First lady Jill Biden praised Colorado lawmakers for working across party lines to become a model in providing residents options to get workforce training in a visit Monday to the state’s Capitol.
Biden visited Colorado as part of a national tour to highlight President Joe Biden’s investments and commitment to workforce training and how states have used federal money to prop up programs to help Americans.
First lady Biden, a community college educator, focused mostly on Colorado’s community college programs during her talk with lawmakers at the Capitol. Over the last several years, the state has created programs to get more students to attend college and provide free training for in-demand fields. Biden said the state has become an example for others.
In recent years, Colorado leaders have focused more on educating and training residents, especially because it has relied heavily on bringing in educated workers from other states.
“I ask you to keep going,” she said. “Keep innovating.”
President Biden has made connecting workers to jobs a key part of his presidential agenda and has focused on investments that include pandemic relief money to develop job training in states. The administration has said its goal is to create more good-paying jobs for Americans.
Jill Biden also touted spending in the president’s 2024 federal budget proposal to improve workforce training.
Colorado has used federal money to create several programs in the last year that help residents connect to job training, especially with two job openings for every employee. Gov. Jared Polis has highlighted the need to get residents the skills they need to land jobs.
For example, she highlighted the $26 million in federal relief money Colorado is using to get students free training in health care fields.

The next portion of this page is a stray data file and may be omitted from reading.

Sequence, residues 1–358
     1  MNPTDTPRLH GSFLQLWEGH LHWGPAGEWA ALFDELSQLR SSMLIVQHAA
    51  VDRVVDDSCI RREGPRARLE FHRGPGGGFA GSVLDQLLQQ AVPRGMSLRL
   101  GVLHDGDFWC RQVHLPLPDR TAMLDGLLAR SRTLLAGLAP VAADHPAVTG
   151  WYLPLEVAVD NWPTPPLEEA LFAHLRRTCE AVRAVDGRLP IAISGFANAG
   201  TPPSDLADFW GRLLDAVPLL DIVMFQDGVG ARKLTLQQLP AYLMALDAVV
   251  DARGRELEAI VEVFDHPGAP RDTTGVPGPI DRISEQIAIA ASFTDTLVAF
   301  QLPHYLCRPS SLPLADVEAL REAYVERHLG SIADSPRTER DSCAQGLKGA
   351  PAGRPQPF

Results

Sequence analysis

The state plans to also expand the program primarily at community colleges over the next two years. A bipartisan bill backed by Polis would spend $40 million over two years to provide free workforce training for other in-demand jobs such as manufacturing, law enforcement, and teaching. Another bill would provide about 15,000 high school students from the Class of 2024 with a $1,500 scholarship to use toward approved training.
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The state also put together a committee to focus on how to improve Coloradans’ access to jobs. One of the recommendations, called the Opportunity Now Grants program, provides $85 million to create or expand ideas that bring together industry and schools to create opportunity for students.
First lady Biden also highlighted that universal preschool is a major part of the birth-to-career pipeline that the Biden administration has pushed.
Colorado is set to start its universal preschool program this summer. Colorado also has supported apprenticeship programs, and offers high school students the ability to graduate with a college certificate or degree.
Biden said Colorado has shown there are people on both sides of the aisle who want to help employers find the workers they need.
“There aren’t red ideas or blue ideas,” she said. “They’re American ideas. And you all have been investing in these programs for years.”
State Sen. Jeff Bridges, a Greenwood Village Democrat, said Biden’s visit validates Colorado’s efforts to provide opportunities to more students in the state. He said the state has tried to innovate to get more residents the training they need. He hopes more states look at what Colorado is trying to do.
“It was time that we solved this problem in new and innovative ways,” Bridges said, “and that’s what we’re doing.”
Jason Gonzales is a reporter covering higher education and the Colorado legislature. Chalkbeat Colorado partners with Open Campus on higher education coverage. Contact Jason at email@example.com.